The Walt Disney Company is receiving criticism for filming part of its new live-action movie Mulan in the Xinjiang area of China. The Chinese government has been accused of human rights abuses against Uyghurs and other mostly Muslim minorities in the area.
At the end of the film is a message thanking official communications departments in Xinjiang. It also thanked the public security office of Turpan, a Uyghur-majority city in the region.
Mulan was released last week on the streaming site Disney Plus.
Human rights activists and China experts have expressed condemnation on social media sites. They say Disney behaved unethically to gain entrance to China’s profitable movie market, the second largest in the world.
Amnesty International tweeted a link to a media report on the issue and asked Disney, “Can you show us your human rights due diligence report?” A Washington Post opinion writer called the movie a scandal. A widely shared tweet suggested the Mulan film crew would have seen re-education camps for Uyghurs on their way to filming locations.
Prison camps or training centers?
Uyghurs and other minorities in China have been detained in camps as part of a government assimilation campaign. The Chinese government says it acted in answer to years of sometimes violent struggle against Chinese rule in the region.
Chinese officials defend the camps as job training centers. But former detainees describe them as prison-like. They report beatings, denial of food and other abuses. Some female detainees say they were forced to have medical treatments to end pregnancies or disable their reproductive ability. In recent months, detainees have been reportedly ordered to drink traditional Chinese medicine to right the coronavirus spread.
“There is no so-called reeducation camp in Xinjiang,” foreign ministry spokesperson Zhao Lijian said Tuesday when asked about the Mulan issue. He said the “training centers” were a good exploration of antiterrorism and deradicalization methods. “There have been no violent attacks in Xinjiang for more than three years,” Zhao added.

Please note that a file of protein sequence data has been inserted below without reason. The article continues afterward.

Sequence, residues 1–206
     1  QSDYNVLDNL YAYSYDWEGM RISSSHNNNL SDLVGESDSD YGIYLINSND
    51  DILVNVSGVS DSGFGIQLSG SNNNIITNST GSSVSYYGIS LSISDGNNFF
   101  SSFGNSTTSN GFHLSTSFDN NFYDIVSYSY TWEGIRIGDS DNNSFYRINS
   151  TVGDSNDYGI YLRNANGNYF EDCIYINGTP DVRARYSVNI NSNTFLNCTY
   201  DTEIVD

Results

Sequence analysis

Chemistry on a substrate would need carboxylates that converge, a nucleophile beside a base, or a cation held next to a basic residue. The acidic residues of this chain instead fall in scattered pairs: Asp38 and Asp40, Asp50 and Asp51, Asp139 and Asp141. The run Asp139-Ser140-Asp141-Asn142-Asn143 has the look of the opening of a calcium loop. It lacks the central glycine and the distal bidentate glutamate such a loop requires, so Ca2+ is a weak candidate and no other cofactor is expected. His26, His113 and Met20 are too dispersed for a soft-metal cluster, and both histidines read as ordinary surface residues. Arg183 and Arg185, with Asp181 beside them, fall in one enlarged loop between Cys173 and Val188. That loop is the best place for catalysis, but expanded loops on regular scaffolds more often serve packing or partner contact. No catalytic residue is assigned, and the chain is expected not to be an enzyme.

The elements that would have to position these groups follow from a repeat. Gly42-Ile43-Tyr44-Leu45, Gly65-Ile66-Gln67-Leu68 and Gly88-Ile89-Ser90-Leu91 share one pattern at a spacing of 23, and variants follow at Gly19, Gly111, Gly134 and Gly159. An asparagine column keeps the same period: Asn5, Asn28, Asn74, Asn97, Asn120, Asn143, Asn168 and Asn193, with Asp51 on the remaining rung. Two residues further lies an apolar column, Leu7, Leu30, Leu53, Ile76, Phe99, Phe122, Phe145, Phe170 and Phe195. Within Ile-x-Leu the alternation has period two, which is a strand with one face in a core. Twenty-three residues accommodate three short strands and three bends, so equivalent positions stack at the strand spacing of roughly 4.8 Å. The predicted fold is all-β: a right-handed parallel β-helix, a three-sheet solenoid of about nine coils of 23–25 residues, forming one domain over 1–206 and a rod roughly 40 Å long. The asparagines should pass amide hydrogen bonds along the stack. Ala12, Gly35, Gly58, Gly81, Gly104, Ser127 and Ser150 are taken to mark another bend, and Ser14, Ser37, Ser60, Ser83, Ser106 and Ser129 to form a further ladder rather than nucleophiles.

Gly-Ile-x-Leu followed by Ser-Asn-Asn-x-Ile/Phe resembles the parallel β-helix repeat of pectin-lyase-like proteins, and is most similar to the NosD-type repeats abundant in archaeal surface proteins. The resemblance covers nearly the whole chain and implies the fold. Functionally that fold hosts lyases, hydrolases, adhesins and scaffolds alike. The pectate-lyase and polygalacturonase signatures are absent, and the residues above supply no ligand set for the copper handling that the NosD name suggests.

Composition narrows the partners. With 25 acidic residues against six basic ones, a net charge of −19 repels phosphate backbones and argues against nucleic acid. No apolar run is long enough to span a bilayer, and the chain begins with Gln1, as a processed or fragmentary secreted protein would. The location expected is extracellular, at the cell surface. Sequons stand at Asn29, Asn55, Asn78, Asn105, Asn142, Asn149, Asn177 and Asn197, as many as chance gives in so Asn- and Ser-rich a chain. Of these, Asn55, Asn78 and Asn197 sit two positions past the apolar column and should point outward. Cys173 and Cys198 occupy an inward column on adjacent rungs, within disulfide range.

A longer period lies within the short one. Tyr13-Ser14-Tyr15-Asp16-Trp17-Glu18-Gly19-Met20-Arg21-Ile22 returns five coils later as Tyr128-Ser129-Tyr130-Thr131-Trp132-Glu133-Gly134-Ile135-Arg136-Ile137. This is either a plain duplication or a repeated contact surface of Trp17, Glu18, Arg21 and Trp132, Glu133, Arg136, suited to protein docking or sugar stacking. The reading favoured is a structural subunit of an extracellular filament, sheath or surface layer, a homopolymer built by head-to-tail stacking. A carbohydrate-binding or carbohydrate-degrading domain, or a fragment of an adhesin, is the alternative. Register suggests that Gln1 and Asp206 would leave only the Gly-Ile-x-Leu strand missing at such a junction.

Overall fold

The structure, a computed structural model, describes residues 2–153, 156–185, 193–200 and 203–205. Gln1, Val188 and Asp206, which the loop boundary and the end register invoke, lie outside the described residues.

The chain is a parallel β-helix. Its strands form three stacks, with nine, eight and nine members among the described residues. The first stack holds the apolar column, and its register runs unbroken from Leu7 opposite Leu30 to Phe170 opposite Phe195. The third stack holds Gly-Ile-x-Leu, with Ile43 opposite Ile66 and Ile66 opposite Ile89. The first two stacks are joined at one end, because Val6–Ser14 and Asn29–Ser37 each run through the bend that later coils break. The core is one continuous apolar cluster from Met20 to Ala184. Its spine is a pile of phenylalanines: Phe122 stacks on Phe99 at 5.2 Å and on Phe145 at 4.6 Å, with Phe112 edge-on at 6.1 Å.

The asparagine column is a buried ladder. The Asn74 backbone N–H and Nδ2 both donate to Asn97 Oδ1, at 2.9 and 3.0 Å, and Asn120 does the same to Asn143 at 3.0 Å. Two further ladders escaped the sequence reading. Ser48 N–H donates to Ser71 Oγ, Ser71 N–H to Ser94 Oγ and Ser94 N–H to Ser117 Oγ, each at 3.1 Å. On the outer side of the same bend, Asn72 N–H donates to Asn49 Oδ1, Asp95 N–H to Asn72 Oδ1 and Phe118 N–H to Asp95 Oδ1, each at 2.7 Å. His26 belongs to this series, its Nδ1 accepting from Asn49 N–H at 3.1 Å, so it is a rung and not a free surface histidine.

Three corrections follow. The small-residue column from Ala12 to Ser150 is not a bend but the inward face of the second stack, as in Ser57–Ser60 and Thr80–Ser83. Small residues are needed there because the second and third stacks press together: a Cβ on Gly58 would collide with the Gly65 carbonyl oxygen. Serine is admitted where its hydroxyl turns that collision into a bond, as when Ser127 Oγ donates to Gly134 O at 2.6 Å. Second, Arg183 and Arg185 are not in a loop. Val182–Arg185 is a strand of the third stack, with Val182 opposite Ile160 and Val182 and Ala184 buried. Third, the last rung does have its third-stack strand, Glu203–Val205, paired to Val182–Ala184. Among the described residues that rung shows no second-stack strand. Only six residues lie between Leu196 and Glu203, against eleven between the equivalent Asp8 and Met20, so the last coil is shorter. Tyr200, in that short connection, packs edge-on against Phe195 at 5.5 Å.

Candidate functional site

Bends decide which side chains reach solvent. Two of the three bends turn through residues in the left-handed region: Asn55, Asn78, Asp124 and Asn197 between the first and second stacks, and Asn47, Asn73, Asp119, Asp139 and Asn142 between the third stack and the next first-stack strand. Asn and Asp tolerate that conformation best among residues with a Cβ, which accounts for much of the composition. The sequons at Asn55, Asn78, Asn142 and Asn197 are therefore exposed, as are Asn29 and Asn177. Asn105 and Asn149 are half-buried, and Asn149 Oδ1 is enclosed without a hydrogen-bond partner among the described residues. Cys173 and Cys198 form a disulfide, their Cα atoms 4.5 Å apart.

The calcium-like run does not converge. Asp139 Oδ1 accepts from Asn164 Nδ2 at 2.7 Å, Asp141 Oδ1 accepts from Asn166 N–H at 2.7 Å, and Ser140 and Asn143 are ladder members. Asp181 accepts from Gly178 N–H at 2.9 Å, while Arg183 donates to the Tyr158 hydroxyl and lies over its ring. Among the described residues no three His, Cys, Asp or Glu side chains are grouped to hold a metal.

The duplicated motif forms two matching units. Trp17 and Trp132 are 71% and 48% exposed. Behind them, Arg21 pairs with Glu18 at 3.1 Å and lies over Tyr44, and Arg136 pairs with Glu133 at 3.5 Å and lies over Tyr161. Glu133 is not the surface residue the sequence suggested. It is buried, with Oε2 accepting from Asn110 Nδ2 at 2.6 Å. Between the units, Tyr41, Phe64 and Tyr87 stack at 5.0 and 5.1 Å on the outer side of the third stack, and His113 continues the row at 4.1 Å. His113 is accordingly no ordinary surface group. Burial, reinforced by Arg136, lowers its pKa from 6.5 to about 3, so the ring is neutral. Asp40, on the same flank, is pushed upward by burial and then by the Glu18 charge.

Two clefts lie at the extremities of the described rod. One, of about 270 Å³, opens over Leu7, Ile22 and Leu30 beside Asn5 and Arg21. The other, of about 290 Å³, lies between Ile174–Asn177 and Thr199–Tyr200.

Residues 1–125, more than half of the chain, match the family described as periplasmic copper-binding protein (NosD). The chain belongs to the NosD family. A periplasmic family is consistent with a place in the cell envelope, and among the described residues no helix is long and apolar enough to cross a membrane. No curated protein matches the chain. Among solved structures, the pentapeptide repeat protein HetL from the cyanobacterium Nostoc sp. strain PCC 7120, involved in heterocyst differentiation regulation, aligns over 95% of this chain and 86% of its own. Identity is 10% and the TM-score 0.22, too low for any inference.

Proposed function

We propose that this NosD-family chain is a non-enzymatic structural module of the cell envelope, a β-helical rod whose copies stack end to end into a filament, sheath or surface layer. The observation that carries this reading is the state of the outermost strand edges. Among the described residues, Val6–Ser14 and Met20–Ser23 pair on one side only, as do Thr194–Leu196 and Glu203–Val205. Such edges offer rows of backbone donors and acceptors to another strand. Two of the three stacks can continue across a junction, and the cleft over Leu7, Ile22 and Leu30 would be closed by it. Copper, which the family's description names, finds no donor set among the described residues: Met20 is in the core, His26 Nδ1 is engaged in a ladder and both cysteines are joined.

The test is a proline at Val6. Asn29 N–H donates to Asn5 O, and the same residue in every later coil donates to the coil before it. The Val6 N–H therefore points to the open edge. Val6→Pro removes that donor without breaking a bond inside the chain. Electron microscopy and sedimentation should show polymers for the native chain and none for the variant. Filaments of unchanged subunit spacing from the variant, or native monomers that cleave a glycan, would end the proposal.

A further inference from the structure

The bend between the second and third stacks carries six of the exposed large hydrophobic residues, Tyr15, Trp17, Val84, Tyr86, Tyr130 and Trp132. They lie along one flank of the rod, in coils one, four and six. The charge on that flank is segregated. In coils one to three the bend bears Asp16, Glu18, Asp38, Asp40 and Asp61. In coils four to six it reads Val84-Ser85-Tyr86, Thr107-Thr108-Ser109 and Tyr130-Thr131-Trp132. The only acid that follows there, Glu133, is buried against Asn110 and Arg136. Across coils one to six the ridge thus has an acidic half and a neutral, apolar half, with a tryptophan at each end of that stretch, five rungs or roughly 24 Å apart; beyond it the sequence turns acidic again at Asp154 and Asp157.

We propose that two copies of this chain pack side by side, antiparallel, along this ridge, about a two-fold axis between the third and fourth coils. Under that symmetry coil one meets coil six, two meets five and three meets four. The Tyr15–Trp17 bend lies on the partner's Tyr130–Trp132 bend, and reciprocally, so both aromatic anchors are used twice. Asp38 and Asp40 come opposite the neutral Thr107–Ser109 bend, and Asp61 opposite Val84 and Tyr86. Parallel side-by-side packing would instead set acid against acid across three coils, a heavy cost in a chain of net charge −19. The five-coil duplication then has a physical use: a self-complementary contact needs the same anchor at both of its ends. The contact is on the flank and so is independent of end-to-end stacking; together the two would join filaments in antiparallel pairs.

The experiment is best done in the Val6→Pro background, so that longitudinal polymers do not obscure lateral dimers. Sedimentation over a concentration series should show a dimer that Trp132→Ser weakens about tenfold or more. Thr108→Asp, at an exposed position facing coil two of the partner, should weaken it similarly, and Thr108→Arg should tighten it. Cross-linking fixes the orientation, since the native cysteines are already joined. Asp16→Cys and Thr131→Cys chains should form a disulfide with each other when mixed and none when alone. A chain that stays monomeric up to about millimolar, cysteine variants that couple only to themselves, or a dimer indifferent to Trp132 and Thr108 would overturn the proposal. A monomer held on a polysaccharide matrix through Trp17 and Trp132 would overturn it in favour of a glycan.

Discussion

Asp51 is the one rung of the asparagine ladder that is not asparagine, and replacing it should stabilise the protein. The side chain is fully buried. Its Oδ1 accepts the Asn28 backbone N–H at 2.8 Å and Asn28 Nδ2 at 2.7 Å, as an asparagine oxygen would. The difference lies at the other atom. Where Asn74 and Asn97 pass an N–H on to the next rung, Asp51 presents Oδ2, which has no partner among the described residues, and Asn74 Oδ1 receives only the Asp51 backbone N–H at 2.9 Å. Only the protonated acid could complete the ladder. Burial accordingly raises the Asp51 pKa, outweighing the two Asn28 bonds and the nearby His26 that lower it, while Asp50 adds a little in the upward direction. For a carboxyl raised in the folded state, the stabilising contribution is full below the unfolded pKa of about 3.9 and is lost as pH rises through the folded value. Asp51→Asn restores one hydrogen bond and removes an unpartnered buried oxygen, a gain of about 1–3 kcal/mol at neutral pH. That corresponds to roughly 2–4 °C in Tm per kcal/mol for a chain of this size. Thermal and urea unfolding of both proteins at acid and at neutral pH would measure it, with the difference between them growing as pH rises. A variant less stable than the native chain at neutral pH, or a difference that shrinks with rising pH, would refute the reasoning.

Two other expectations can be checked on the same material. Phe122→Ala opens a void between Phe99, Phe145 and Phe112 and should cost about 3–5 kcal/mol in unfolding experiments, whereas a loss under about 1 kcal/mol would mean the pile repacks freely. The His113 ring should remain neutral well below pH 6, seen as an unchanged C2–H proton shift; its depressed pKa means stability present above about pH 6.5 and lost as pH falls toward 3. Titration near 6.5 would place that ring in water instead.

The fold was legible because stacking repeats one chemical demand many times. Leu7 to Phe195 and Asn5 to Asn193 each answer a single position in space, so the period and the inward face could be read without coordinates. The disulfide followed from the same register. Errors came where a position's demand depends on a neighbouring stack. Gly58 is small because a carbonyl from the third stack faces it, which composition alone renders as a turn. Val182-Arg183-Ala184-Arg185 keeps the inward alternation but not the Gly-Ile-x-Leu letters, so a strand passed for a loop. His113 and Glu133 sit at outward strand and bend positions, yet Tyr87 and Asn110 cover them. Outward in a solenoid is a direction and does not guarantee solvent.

No comment from Disney
The Mulan team filmed in several other parts of China including the cities of Xi’an and Dunhuang, director Niki Caro’s social media messages showed. The movie was also partly filmed in New Zealand.
Disney did not answer The Associated Press's request for comment.
The new film is a remake of the popular 1998 animated Mulan. It is based on the ancient Chinese story of Hua Mulan, a young woman who tricks people into thinking she is a man so she can join the army.
The remake has been the center of other criticism.
'Mulan' criticism not new
Last year, a boycott movement began after the lead actor, Liu Yifei, publicly supported Hong Kong police accused of abuse against pro-democracy demonstrators. Hong Kong activists also criticized another actor in the film, Donnie Yen, for his pro-China position.
Alan Horn is co-chairman and chief creative officer of Walt Disney Studios. He said in February that the company did not want to enter into a political discussion.
“I can’t speak for what Yifei says in China, we didn’t know about it, what she was going to say, and that’s up to them,” he said during a discussion with industry leaders from Netflix, Warner Brothers and other companies.
Horn did note the importance of the Chinese market, where Mulan opens Friday. “If Mulan doesn’t work in China, we have a problem,” he said with a laugh.
Disney's high hopes for a profitable 'Mulan'
In August, Disney reported sharp financial losses from shutting down many operations and canceling theatrical releases because of the coronavirus.
Disney has high hopes for the Mulan remake, one of its most costly productions ever. It is pushing limited theatrical releases in some countries and has put the movie on its online service for a price of $29.99.
Ferkat Jawdat is a Uyghur-American activist. He said he is usually a “huge fan” of Disney movies and that “Mulan should be a must watch for my family.” But he said he would not be watching this Disney remake, describing it as hypocritical.
Activists have renewed calls for a boycott of the film in Hong Kong, where it will be released next week.
I'm Ashley Thompson.
The Associated Press reported this story. Caty Weaver adapted it for VOA Learning English. Ashley Thompson was the editor.